When it wore off the next day, it was so nice to have everything look normal again. I don’t think I would fear taking it again, but I have no desire to.
    I do credit it with allowing me to dance. Not that it gave me better body and leg coordination or something. Just that I was socially so self-conscious that I would never dance. After the LSD experience, suddenly it didn’t bother me that people might look at me while I was dancing in public. I suppose you might say that was some kind of therapeutic result, even though I wasn’t seeking that end.
    Just an interesting experience in my life.

  2. #2 Hyperion
    October 14, 2006

    **
    One of the core ideas in substance abuse treatment is that the person in recovery needs to swear off all methods of getting high. Absolutely. **

    I do think that this core idea ought to be re-examined. While it has a certain “common sense” feel to it, I don’t really think that it meshes overly well with what is known about addiction. It almost seems like a quaint throwback to the days when addiction was thought to be a moral failing.

    Given what is known about the neurochemical and neuropsychiatric issues that often accompany drug addiction, it doesn’t strike me as being irresponsible to consider that neurochemical (ie pharmacological) treatments might be effective in certain situations. I’ve read some interesting anecdotal accounts of ibogaine being used to treat heroin addiction, and seen some pretty good evidence that psychostimulants can prevent substance abuse issues in the ADHD population, bupropion is already approved to treat nicotine addiction and is being studied to see if it will also help cocaine addicts, and opioid addiction is often treated by maintenance therapy either with methadone here or with heroin or morphine in some European countries.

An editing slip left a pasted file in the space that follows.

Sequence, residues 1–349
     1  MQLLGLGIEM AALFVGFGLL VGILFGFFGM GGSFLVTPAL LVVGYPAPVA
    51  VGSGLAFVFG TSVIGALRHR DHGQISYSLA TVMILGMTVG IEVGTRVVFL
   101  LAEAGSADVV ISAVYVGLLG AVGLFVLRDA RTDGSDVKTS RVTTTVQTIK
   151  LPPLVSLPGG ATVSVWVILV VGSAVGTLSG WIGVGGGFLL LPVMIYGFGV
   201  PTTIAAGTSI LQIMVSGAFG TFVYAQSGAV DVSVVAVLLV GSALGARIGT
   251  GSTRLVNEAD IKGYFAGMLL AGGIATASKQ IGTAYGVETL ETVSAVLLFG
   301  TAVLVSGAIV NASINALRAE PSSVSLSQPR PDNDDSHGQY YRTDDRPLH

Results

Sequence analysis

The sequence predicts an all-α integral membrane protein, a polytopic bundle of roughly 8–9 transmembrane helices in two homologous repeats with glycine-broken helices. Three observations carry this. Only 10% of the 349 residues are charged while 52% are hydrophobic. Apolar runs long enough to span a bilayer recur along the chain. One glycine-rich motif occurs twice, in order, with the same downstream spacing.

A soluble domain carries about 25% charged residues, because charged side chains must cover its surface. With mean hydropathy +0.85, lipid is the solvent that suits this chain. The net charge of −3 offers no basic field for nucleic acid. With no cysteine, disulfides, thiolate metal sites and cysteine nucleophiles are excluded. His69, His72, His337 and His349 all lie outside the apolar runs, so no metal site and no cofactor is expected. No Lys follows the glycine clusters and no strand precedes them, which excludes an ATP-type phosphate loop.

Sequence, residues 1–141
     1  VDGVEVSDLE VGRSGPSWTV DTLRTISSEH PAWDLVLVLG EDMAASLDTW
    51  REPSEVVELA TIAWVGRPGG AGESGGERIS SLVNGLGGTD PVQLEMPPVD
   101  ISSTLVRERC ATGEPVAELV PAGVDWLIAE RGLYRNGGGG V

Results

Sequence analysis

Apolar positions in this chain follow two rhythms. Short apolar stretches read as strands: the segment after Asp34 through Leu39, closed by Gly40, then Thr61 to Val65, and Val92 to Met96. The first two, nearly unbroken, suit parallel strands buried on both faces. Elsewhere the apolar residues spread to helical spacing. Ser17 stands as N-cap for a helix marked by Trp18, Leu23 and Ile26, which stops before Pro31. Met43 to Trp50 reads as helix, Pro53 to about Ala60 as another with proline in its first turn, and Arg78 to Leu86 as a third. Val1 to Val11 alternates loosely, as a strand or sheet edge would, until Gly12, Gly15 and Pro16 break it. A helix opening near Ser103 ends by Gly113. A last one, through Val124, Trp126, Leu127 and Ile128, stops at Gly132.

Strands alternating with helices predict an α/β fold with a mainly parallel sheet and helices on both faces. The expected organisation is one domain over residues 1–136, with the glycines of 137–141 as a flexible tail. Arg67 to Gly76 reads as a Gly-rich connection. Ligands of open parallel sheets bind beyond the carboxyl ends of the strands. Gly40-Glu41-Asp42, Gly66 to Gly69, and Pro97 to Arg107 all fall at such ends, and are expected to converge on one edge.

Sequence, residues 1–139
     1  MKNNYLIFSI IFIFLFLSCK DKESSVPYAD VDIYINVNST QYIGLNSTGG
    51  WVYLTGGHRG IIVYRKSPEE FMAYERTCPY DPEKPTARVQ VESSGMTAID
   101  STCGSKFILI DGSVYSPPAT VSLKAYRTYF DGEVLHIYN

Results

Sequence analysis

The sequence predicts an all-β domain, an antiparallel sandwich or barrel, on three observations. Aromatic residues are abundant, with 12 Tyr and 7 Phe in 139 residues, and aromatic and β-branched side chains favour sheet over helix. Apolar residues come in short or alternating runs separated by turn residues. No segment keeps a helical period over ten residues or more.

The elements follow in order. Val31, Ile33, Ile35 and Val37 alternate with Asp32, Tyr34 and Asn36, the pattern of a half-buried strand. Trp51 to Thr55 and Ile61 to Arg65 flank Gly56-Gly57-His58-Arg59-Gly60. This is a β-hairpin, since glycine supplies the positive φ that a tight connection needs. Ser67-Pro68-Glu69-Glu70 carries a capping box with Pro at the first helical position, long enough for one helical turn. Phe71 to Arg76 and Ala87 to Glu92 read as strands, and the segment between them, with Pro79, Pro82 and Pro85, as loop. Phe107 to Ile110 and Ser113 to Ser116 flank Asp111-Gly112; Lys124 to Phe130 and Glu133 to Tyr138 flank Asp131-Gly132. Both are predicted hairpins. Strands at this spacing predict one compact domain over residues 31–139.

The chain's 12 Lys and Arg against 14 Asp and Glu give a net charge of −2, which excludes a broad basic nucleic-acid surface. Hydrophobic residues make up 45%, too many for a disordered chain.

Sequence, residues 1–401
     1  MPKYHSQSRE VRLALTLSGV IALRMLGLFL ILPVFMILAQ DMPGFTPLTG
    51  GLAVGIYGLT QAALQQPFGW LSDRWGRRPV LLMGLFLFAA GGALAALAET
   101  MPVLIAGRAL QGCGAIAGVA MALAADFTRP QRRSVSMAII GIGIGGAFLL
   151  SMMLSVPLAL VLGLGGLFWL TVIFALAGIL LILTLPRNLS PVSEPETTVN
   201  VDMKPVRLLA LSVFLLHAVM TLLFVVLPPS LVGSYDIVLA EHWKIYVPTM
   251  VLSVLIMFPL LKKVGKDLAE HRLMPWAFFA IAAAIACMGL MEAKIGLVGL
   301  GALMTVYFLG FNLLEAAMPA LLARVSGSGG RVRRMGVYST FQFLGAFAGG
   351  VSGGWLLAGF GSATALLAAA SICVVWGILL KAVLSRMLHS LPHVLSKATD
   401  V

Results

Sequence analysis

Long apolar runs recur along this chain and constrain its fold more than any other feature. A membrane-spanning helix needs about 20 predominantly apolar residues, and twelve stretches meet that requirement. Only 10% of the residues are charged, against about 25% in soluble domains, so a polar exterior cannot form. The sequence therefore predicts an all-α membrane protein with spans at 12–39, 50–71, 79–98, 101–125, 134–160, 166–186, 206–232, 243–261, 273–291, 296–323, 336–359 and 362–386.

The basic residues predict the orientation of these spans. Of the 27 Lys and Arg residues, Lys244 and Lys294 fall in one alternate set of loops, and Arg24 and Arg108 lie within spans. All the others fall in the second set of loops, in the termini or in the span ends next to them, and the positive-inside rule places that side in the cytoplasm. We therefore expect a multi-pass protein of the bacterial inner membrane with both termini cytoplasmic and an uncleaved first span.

Now, it is entirely possible that the effect of LSD on alcoholism was purely psychological, a personal decision based on whatever insight or self-introspection that they might have received, or it could be that the experience is so overwhelming that it completely obviates the urge to ever become intoxicated again.

    I don’t think I’d worry about replacing one addiction with another…I’ve never seen any good evidence that LSD is addictive, and it doesn’t hit the dopamine receptors or act anywhere near the nucleus accumbens, which would be two main markers for addiction potential. That being said, I have no idea how increasing serotonergic activity in the Raphe nucleus would deal with alcoholism. I could’ve sworn I’d read something a while back tying alcoholism to withdrawal-induced excitotoxic rebound in frontal (or possibly prefrontal?) glutamate receptors, and so when a later event (such as seeing a bar or a beer) excites those regions, the patient has a craving for alcohol to lower frontal activity (via antagonism at said glutamate receptors, I think). I have no idea how on earth LSD would alter this cycle, though. That’s where they ought to do more research, and it’s certainly possible that LSD affects alcoholics or people with an as-of-yet uncertain predisposition towards alcoholism differently.

  3. #3 Greg P
    October 14, 2006

    One thing that’s curious about this is LSD works because of it’s mimicking serotonin, yet now we have all these “therapeutic” SSRIs (serotonin reuptake inhibitors).

  4. #4 Drake
    July 8, 2007

    I have been trying to find informATION ON THE POSSIBLE DAMAGE REPEATED USE OF lsd CAN DO TO YOUR CORPUS CALLOSUM? aNYONE HAVE ANY sUGGESTIONS?

  5. #5 Joseph j7uy5
    July 8, 2007

    I would be surprised if you could find anything on the subject.

    The best way t o look for obscure medical information is to use Medline at PubMed:

    http://www.ncbi.nlm.nih.gov/sites/entrez

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    April 3, 2009